Among these ideas, only the orbital hypothesis has been formulated so as to predict the frequencies of major Pleistocene glacial fluctuations. Thus it is the only explanation that can be tested geologically by determining what these frequencies are. Our main purpose here is to make such a test. Previous work has provided strong suggestive evidence that orbital changes induced climatic change (13-20). However, two primary obstacles have led to continuing controversy. The first is the uncertainty in identifying which aspects of the radiation budget are critical to climatic change. Depending on the latitude and season considered most significant, grossly different climatic records can be predicted from the same astronomical data. Milankovitch (4) followed Koppen and Wegener’s (21) view that the distribution of summer insolation (solar radiation received at the top of the atmosphere) at 65N should be critical to the growth and decay of ice sheets. Hence the curve of summer insolation at this latitude has been taken by many as a prediction of the world climate curve. Kukla (19) has pointed out weaknesses in Koppen and Wegener’s proposal and has suggested that the critical time may be September and October in both hemispheres. However, several other curves have been supported by plausible arguments. As a result, dates estimated for the last interglacial on the basis of these curves have ranged from 80,000 to 180,000 years ago (22).

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28 Apr 2008, 7:51pm
Pre-Holocene Climates
by admin
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An Urgent Signal for the Coming Ice Age

Harris, Peter John Faraday. 2008. An Urgent Signal for the Coming Ice Age

Full text [here]

Selected excerpts:

When paleoclimatologists met in 1972 to discuss how and when the present warm climate would end , termination of this warm climate we call the Holocene seemed imminent and it was expected that rapid cooling would lead to the coming ice age. These ideas were based on the 1M year analogue for climate transitions first proposed by Milankovitch over 60 years ago, which has been demonstrated to show the correlation of glacial and interglacial climate with solar insolation as it is modulated by our changing distance from the sun. These data sets may be used to serve as a signal for the coming ice age. Orbital geometry was approaching similar conditions to those of the previous transitions to ice.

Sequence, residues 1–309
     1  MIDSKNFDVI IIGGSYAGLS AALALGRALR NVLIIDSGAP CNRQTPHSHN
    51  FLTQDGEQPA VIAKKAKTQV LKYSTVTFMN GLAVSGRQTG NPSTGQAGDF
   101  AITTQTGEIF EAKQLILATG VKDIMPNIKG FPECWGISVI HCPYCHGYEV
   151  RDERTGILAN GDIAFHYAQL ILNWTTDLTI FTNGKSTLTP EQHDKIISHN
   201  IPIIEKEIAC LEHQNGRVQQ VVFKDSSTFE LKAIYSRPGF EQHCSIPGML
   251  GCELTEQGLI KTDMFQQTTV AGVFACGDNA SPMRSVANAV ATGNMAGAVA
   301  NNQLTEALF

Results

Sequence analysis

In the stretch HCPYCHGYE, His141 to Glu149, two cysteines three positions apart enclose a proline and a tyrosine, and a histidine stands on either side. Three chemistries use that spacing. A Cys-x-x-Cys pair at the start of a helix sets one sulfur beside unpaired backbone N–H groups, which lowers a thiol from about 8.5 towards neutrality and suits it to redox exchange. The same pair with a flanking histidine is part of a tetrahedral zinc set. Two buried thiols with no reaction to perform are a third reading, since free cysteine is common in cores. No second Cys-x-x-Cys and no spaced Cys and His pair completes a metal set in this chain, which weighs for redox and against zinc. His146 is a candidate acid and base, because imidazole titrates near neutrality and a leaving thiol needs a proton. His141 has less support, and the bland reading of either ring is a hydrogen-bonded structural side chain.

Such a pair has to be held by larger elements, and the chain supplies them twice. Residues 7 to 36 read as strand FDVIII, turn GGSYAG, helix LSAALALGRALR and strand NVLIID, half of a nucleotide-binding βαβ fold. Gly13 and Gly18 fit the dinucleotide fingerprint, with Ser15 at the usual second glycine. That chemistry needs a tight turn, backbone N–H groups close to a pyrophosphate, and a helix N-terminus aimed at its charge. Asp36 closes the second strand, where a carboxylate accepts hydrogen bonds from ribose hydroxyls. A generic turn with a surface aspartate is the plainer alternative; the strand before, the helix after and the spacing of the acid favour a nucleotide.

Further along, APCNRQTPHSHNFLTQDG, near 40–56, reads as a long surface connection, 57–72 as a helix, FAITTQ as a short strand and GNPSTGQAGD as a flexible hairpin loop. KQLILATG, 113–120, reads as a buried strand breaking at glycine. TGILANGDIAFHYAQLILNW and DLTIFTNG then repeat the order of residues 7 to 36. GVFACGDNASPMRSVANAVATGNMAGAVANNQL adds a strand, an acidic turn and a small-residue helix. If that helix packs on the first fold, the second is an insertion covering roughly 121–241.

But soon it was observed that global temperature was increasing and at about this time Global Climate Modeling (GCM) received more attention and the Milankovitch analogue was forgotten. There has been no further discussion about the coming ice age. …

Then using a modeled Holocene they projected climate using a range of CO2 forcing, and they reported that there was no transition to ice for at least 30KY into the future.
The algorithm for this process is not disclosed but the authors rightly list the limitations of the model in which CO2 is considered as an external forcing ie the carbon cycle is not simulated by the model. Clouds and the hydrological cycle are simplified and so is the heat transport to middle and deep ocean. In addition, regional changes such as the North Atlantic and over Europe are not simulated “and might depart from the global trend.”

It is unfortunate that these limitations appear to have been ignored and the AGW [anthropogenic global warming] hypothesis was born and has occupied science and the media ever since. The Milankovich analogue has been forgotten.